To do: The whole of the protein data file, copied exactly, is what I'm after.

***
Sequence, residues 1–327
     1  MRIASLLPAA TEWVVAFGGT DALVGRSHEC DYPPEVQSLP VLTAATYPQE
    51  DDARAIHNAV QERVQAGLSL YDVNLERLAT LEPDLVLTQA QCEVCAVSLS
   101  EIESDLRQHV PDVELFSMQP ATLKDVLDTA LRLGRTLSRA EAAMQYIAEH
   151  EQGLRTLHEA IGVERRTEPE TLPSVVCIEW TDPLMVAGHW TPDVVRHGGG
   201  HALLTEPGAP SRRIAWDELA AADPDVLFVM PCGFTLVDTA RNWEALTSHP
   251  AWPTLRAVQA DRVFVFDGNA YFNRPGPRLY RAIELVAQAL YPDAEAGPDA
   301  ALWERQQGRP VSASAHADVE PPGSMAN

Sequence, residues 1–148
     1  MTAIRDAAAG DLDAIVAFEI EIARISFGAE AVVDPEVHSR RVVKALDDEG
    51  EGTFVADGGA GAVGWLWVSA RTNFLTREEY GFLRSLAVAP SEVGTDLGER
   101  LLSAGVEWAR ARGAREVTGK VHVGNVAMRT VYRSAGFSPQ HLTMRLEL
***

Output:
Sequence, residues 1–327
     1  MRIASLLPAA TEWVVAFGGT DALVGRSHEC DYPPEVQSLP VLTAATYPQE
    51  DDARAIHNAV QERVQAGLSL YDVNLERLAT LEPDLVLTQA QCEVCAVSLS
   101  EIESDLRQHV PDVELFSMQP ATLKDVLDTA LRLGRTLSRA EAAMQYIAEH
   151  EQGLRTLHEA IGVERRTEPE TLPSVVCIEW TDPLMVAGHW TPDVVRHGGG
   201  HALLTEPGAP SRRIAWDELA AADPDVLFVM PCGFTLVDTA RNWEALTSHP
   251  AWPTLRAVQA DRVFVFDGNA YFNRPGPRLY RAIELVAQAL YPDAEAGPDA
   301  ALWERQQGRP VSASAHADVE PPGSMAN

Sequence, residues 1–148
     1  MTAIRDAAAG DLDAIVAFEI EIARISFGAE AVVDPEVHSR RVVKALDDEG
    51  EGTFVADGGA GAVGWLWVSA RTNFLTREEY GFLRSLAVAP SEVGTDLGER
   101  LLSAGVEWAR ARGAREVTGK VHVGNVAMRT VYRSAGFSPQ HLTMRLEL